Day Fifteen – A Poem

I am quite a fan of poetry, and the one I have chosen to write about today is one my grandmother introduced me to. It had particular resonance with me, never having been the tallest person, and I just adore it.
(and yes, the phonetic spelling is intentional. And gorgeous.)

The Littlest One
Marion St John Webb – First Published 1914

I’m sittin’ on the doorstep,
An’ I’m eating bread an’ jam,
An’ I isn’t cryin’ really,
Though I ‘specks you think I am.

I’m feeling rather lonely,
And I don’t know what to do,
‘Cos there’s no one here to play with,
An’ I’ve broke my hoop in two.

I can hear the child’en playing,
But they sez they don’t want me.
‘Cos my legs are rather little,
An’ I run so slow, you see.

So I’m sittin’ on the doorstep,
An’ I’m eating bread an’ jam,
An’ I isn’t cryin’ really,
Though it feels as if I am.

I just love this poem. The phonetic spelling depicts so perfectly the voice of the little child, and it is such a simple yet beautiful image of the smallest kid in the group being left behind. Every time I read it, I enjoy it just as much. The novelty never wears off. And that is why I’ve chosen it to be my focus today.


4 thoughts on “Day Fifteen – A Poem

  1. The littlest one – I typed in the first line which I remembered from my childhood – I was the youngest of 6 kids! and it resonates with me -loved it then and still do – brings back memories for sure – bread and jam was v. much a staple food for us in those war years. Ted Hinton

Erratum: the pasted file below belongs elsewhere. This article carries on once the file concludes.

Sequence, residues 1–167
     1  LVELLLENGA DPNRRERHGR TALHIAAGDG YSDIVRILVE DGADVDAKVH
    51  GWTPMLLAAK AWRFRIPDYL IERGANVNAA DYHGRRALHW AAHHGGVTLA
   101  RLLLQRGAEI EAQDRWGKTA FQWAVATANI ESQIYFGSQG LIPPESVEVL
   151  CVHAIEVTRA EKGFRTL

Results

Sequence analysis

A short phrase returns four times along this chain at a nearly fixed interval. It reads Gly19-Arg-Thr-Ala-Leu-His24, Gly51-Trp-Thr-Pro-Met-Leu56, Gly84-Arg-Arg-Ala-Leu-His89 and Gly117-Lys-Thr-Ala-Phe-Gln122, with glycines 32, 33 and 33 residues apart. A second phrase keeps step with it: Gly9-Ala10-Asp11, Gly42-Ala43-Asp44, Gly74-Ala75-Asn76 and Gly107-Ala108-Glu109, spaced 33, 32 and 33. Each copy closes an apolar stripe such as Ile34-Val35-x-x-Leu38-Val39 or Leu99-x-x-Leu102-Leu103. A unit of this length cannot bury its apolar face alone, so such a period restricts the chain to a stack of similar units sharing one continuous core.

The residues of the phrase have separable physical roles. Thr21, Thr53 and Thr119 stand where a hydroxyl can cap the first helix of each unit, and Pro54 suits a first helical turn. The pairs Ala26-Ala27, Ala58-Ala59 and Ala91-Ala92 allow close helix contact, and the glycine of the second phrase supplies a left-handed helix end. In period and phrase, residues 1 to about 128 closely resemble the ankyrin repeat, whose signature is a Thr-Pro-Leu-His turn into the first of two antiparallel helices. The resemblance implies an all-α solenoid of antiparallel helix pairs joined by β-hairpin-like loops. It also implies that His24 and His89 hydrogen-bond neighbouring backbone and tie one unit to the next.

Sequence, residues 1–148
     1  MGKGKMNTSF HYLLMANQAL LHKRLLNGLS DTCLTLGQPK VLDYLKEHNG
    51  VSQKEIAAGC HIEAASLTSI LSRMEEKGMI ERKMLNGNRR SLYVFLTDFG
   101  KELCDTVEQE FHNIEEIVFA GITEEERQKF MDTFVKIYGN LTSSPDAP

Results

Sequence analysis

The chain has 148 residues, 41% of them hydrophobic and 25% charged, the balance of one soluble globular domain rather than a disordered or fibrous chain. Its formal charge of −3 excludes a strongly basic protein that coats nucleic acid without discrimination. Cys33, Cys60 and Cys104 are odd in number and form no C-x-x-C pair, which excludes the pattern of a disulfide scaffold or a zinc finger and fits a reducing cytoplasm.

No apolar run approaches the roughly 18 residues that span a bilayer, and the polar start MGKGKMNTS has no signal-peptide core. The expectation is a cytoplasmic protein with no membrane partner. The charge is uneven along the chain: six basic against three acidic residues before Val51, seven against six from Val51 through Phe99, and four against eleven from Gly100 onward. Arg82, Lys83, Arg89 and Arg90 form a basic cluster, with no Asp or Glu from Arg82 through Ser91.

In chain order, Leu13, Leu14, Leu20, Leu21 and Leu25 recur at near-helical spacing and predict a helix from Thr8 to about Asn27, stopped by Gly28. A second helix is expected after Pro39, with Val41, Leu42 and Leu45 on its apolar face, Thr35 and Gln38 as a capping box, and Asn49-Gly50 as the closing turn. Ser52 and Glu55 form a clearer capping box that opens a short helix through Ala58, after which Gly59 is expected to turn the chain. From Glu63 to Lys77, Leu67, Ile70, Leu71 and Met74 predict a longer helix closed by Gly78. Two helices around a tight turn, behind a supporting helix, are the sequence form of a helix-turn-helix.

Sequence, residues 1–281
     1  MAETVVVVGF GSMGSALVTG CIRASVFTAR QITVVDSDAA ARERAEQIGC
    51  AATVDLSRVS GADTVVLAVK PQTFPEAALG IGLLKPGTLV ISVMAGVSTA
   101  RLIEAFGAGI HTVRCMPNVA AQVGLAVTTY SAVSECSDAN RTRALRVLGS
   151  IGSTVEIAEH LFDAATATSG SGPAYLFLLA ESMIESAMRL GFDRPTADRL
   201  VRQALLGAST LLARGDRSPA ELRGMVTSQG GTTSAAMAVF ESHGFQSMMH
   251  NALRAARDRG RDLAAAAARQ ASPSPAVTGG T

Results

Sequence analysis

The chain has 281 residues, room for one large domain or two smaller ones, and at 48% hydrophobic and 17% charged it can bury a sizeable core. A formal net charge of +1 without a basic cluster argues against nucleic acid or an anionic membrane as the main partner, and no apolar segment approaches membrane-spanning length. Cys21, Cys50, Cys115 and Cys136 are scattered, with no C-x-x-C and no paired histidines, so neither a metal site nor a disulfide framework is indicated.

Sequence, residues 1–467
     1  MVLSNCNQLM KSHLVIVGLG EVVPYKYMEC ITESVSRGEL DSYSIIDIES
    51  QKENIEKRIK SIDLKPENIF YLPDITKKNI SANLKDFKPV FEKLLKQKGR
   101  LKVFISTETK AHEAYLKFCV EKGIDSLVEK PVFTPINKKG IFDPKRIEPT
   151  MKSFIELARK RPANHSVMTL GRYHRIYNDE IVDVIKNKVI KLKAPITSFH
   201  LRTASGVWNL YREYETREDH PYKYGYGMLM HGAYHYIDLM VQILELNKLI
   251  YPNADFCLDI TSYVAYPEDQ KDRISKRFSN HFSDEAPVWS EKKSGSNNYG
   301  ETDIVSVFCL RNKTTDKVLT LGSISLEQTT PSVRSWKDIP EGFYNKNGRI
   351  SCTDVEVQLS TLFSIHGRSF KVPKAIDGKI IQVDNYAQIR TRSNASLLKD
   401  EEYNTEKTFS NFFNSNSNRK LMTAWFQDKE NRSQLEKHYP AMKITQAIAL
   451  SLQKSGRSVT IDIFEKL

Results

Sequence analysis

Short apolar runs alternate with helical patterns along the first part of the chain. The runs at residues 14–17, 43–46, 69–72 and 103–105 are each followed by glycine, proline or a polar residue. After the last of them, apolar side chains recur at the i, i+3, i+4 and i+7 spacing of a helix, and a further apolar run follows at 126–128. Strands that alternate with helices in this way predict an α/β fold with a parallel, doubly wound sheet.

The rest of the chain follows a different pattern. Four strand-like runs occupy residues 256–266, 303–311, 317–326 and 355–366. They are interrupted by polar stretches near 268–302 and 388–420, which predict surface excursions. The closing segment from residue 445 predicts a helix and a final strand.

1. Hi Ted,

      I’m glad the post resonated with you and brought back some memories. I was introduced to the poem by my grandmother when I was younger, and it remains a favourite to this day. Thanks very much for your words.


  2. Thank you for this, my Grandmother used to recite this poem to my sister and I when we were little and I could remember most of it, but not all. I found a few places on the net where it was written down but none of the transcriptions quite matched what I remembered. Yours matches my memory perfectly.

    To this day if ever I am sad I make myself a jam sandwich, recite this poem to myself and remember happy summer days with Gran.

    1. Thanks for your response, Joe – I’m glad this resonated with you šŸ™‚ this is a family favourite of ours too and somewhere I have a cassette tape of my grandmother reading it for me. It’s so evocative, I really love it. Glad it brought back some memories for you and helped remind you of the rest of the words.

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